If there is one thing proven beyond doubt during this crisis is that government interventionism in the free market is nefarious.  Developing countries are again and again the victims of globalist inspired management.  Argentina was one notorious case, Iceland and Greece have followed; and now Brazil, a fairly prosperous country in the last decade, is on the way to becoming another victim of artificial implosion.

Financial Times

Brazil’s central bank raised its policy interest rate by three quarters of a percentage point on Wednesday evening in another sign thatBrazil getting too hot the country’s breakneck pace of growth is causing concern over rising prices.

Brazil’s economy expanded by 2.7 per cent in the first quarter over the previous quarter and by 9 per cent over the first quarter of 2009, the national statistics office said on Tuesday. That is much faster than what many economists consider to be the potential, or non-inflationary, rate of about 4.5 to 5 per cent.

“This shows there has been no change in the bank’s position since its previous increase in April,” said Silvio Campos Neto of Banco Schahin in São Paulo. “It is clear from all the indicators that the economy is heating up and inflation is still above target. This is worrying and demands further increases in rates.”

The bank raised its target overnight Selic rate to 10.25 per cent a year, the second three-quarter-point increase at the last two six-weekly meetings of its monetary policy committee.

Consumer price inflation ballooned from a low of 4.17 per cent a year last October to 5.22 per cent in the 12 months to May. Many economists expect inflation to reach 6 per cent by the end of this year, well above the government’s target of 4.5 per cent. Economic growth is expected to be about 6.6 per cent this year.

Mr Campos said he expected the bank to raise the Selic rate to 11.75 per cent by the end of this year.

He said successive interest rate increases would help bring growth back to sustainable levels and predicted the economy would grow by about 4.3 per cent in 2011.

Brazil’s domestic market has recovered quickly from a brief recession during the global crisis, spurred on by a rising consumer class that has benefited from more than a decade of economic stability and low inflation, and from low-cost but effective income transfer programmes.

But the fast pace of growth has exposed bottlenecks such as the poor quality of Brazil’s infrastructure and its heavy tax burden. The rate of investment has risen in recent years but is still short of what is needed to deliver fast, sustainable growth.

Background: Fears of overheating

Brazil’s economy was among the fastest growing in the world during the first quarter, according to figures released on Tuesday that add to fears the economy is overheating and to expectations that the central bank will raise rates again on Wednesday.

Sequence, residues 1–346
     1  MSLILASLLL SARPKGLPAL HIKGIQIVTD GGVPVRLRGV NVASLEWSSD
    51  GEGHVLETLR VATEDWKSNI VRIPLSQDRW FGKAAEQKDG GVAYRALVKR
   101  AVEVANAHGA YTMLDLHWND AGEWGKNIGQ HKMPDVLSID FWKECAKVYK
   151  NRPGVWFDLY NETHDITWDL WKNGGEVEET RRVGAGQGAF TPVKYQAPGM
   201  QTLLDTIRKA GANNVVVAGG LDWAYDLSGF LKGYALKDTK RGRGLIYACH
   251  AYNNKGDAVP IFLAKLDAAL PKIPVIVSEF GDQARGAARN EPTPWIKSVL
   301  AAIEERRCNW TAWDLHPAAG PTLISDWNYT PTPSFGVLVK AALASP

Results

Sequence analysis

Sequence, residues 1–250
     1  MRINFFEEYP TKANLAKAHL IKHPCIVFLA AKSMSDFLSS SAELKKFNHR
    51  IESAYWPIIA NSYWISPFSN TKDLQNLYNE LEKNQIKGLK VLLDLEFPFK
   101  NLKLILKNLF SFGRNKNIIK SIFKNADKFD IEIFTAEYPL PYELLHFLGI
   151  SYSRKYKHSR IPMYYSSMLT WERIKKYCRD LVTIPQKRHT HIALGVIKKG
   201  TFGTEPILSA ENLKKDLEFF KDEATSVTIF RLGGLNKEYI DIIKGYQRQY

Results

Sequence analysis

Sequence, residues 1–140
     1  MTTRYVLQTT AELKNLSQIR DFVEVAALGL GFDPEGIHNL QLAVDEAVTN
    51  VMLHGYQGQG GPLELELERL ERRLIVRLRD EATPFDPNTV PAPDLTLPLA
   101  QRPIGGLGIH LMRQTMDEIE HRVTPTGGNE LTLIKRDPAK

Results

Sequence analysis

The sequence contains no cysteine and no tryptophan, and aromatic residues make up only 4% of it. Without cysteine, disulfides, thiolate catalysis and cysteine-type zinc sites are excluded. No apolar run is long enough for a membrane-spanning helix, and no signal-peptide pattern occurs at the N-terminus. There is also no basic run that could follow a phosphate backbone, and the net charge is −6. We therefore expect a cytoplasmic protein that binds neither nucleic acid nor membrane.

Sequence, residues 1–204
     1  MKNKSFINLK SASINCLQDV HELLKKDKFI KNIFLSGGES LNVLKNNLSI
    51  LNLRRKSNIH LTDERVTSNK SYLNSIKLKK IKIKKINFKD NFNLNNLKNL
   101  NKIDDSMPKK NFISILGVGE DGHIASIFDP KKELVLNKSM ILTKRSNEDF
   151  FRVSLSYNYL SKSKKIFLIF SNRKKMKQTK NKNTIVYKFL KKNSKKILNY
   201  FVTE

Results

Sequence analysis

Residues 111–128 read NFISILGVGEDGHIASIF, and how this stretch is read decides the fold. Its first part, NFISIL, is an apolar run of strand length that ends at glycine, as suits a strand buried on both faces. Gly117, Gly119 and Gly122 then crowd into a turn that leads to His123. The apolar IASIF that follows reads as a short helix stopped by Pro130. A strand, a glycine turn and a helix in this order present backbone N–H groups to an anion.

The economy grew at a faster-than-expected annual rate of 9 per cent in the three months to March and by 2.7 per cent compared with the previous quarter, according to the IBGE, the national statistics office.

Part of the reason for the growth was an increase in investment, with the rate of investment rising to 18 per cent from 16.3 per cent a year earlier, spurred by gross fixed capital formation, which leapt by 26 per cent year on year, the fastest rate since the IBGE’s current series began in 1995.

“This confirms that the economy is very heated,” said Rafael Bacciotti, economist at Tendências, a consultancy in São Paulo. “The stand-out sectors were industry and services. Employment and wages are also growing strongly and we expect this to continue throughout the year.”

The manufacturing industry grew by 17.2 per cent year on year and the retail sector by 15.2 per cent. Imports also set a record, surging by 39.5 per cent year on year.

The central bank’s most recent weekly survey of market economists showed expectations of overall growth this year rising to 6.6 per cent, the 12th consecutive week of climbing expectations.

But many believe the economy cannot grow at more than 4.5 or 5 per cent a year without provoking an increase in inflation.

The central bank has been forced to act by steadily rising inflation expectations over recent months. Since October, Brazil’s consumer inflation rate has surged from an annual rate of 4.17 per cent to 5.26 per cent in April. However, the central bank’s most recent survey showed a slight drop in forecasts for inflation during 2010, with the average falling to 5.64 per cent from 5.67 per cent a week earlier.

Most economists expect the central bank to announce a second consecutive three-quarter percentage point rise in its policy interest rate, the Selic, at the end of its monetary policy committee’s regular two-day meeting tomorrow.

The committee meets every six weeks to decide whether to change the Selic rate in pursuit of the government’s annual consumer price inflation target, currently 4.5 per cent a year.

If expectations are confirmed, the Selic will rise to 10.25 per cent a year, up from 8.75 per cent when the current tightening cycle began in April.